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Need help from the experts on how to read the surnames on this marriage information

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By Anna Miklovic - Posted on 14 June 2012

The following is what I received from one of the California Missions of my ancestors on their marriage:

On May25th, 1859 Francisco Carrizosa 34, native of Tujuta Son. residing in el Rancho of San Jose, widower of Jesus Celaya of Jose & Pabla (Paula) Gastelo with Micaela Manzanero, 36 widow of Franco. Bustamante also of sonora of Pedro & Concepcion Ortiz, living in S. Jose, Ramon Andrade & Maria del Carmen Guillen witness.

I am not sure who Jose & Paula Gastelo are related to. Are they the parents to Francisco Carrisosa or to Jesus Celaya? The other question is, is the surname Gastelo the maiden name to Paula and assuming Jose's surname is Carrisosa or Celaya? I have the same questions for Pedro & Concepcion Ortiz.

Thank you. Anna Miklovic

The way the information is written doesn't make much sense. Probably it is an uncomplete transcription.

I have seen baptism records where they don't write the surname of the grandfather (just the given name) but they write the full name of the grandmother. I think they used to do this since it was obvious that the surname of the grandfather was the same as the one of his child.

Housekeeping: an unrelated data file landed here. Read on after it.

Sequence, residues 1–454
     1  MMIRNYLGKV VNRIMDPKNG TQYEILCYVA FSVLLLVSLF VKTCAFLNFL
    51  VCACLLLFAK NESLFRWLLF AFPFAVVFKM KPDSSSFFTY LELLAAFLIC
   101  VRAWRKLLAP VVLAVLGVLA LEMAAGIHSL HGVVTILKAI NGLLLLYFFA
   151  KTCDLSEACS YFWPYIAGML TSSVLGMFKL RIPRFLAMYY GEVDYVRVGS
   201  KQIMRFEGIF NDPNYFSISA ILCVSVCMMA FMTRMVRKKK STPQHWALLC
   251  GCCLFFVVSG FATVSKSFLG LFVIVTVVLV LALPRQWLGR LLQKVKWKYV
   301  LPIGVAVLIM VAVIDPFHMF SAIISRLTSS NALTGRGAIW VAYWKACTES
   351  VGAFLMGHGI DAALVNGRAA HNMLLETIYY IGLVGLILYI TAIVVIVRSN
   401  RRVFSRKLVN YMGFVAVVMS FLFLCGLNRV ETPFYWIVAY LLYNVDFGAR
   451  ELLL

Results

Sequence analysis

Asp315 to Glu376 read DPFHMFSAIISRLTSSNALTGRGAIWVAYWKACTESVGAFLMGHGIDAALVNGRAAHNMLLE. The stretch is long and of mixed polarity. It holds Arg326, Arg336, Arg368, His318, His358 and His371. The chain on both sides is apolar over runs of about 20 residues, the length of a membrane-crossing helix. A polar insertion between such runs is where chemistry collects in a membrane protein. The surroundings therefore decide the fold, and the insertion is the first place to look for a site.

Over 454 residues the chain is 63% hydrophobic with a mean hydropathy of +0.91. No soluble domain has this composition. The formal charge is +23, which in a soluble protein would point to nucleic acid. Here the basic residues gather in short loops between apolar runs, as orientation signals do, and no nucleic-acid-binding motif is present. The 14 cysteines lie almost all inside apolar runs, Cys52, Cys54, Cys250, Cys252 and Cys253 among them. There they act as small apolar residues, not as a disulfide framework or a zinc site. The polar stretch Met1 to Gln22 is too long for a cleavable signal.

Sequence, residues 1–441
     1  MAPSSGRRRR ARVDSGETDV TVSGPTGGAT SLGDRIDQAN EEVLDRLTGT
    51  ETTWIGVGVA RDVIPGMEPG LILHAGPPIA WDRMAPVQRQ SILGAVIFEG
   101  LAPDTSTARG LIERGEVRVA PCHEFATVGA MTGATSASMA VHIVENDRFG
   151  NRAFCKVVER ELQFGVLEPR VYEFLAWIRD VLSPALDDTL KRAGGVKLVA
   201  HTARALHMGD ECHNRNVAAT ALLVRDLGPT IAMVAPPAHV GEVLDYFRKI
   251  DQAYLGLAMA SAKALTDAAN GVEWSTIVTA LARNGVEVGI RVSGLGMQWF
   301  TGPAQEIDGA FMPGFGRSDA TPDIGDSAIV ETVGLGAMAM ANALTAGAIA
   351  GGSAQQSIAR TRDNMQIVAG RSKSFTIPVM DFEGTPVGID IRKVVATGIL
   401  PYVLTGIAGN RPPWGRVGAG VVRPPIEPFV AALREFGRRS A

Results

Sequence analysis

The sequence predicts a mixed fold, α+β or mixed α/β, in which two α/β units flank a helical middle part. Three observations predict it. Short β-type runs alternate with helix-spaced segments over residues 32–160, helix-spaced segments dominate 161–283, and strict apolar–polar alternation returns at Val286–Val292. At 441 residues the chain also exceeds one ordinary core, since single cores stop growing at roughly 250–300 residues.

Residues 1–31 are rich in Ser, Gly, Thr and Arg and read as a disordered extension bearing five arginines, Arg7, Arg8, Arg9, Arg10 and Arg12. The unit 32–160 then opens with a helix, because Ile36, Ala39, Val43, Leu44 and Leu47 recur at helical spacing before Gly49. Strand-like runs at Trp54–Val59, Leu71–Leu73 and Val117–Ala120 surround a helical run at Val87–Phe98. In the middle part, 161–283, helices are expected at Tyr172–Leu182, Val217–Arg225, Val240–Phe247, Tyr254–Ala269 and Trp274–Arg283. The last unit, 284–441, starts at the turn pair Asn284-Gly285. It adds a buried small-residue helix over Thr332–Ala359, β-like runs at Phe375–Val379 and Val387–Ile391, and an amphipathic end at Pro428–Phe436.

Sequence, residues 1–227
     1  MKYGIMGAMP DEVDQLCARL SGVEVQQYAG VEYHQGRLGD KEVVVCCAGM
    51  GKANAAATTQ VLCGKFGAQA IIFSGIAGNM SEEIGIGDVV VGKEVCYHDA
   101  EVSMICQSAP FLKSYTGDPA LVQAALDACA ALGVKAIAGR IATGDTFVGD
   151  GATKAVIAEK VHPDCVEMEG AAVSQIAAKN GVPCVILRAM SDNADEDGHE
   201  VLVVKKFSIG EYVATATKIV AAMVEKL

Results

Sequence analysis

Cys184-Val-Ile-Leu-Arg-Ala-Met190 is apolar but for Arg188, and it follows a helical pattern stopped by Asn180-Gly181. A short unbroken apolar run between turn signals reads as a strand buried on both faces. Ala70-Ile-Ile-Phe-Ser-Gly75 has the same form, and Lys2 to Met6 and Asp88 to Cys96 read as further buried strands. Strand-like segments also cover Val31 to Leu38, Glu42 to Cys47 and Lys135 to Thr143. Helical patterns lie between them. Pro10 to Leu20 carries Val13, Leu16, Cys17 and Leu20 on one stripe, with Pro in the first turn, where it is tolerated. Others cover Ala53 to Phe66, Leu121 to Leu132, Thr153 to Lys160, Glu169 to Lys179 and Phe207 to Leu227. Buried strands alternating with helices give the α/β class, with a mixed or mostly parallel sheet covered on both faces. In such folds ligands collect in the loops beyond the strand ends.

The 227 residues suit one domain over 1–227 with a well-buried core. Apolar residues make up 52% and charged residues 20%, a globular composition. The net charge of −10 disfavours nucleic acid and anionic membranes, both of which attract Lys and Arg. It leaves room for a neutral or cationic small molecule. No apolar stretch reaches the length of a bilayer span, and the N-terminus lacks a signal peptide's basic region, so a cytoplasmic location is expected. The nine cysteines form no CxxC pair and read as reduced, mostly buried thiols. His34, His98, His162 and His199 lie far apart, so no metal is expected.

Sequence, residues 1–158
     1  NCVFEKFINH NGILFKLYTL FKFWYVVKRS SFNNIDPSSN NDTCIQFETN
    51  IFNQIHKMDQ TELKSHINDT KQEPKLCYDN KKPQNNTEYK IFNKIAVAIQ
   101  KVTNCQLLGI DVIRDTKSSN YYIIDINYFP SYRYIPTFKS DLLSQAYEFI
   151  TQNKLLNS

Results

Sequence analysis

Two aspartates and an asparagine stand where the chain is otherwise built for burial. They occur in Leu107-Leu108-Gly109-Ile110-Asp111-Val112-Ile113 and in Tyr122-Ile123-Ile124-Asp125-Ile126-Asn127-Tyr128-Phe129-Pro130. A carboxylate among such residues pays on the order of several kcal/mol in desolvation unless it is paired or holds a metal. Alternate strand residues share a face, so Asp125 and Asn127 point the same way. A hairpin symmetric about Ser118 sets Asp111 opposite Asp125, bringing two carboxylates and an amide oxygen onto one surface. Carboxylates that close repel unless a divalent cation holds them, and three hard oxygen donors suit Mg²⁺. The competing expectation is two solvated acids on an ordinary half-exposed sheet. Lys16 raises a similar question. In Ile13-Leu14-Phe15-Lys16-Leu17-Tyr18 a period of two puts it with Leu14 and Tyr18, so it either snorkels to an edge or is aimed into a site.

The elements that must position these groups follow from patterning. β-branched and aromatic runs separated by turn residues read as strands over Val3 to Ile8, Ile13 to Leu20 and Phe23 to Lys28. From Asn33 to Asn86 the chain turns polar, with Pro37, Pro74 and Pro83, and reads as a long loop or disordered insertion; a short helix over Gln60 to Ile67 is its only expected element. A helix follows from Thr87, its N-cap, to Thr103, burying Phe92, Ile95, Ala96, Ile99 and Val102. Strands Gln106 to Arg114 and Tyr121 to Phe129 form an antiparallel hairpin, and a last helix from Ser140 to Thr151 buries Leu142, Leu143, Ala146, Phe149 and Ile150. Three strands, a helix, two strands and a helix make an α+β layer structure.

There was not such thing as a maiden name, women would keep their birth-name after marrying. They still do.

When a widow would get married, they usually did not write the names of his parents, just the name of his late wife. The same was true for the widows.

I think Jesus Celaya was a female, named either Jesusa or Maria de Jesus.

The way it was transcribed, Jose & Pabla (Paula) Gastelo could be the parents of either the widower or of his late wife. It is hard to guess. Same for Pedro & Concepcion Ortiz. Maybe if you had an image of the original document it would be easier to figure this out.

Best regards,

Victoriano Navarro

Thank you for your answers and suggestions. It's been frustrating trying to find out what California Mission has what records on file and when I find the right Mission, I receive something like this. For example, my ancestors married at the San Gabriel Mission in 1859 but the San Fernando Mission is the one that has their records on file; not San Gabriel nor Santa Barbara Mission as they are listed on the Missions' website to contact them for the old records. My next step is to go through the city (Los Angeles) requesting a copy of their marriage record.

Thanks again for your response. Anna Miklovic

On Jun 14, 2012, at 7:54 PM, mnavarrovillalobos@yahoo.com.mx wrote:

> The way the information is written doesn't make much sense. Probably it is an uncomplete transcription.
>
> I have seen baptism records where they don't write the surname of the grandfather (just the given name) but they write the full name of the grandmother. I think they used to do this since it was obvious that the surname of the grandfather was the same as the one of his child.
> There was not such thing as a maiden name, women would keep their birth-name after marrying. They still do.
> When a widow would get married, they usually did not write the names of his parents, just the name of his late wife. The same was true for the widows.
>
> I think Jesus Celaya was a female, named either Jesusa or Maria de Jesus.
>
> The way it was transcribed, Jose & Pabla (Paula) Gastelo could be the parents of either the widower or of his late wife. It is hard to guess. Same for Pedro & Concepcion Ortiz. Maybe if you had an image of the original document it would be easier to figure this out.
>
> Best regards,
> Victoriano Navarro

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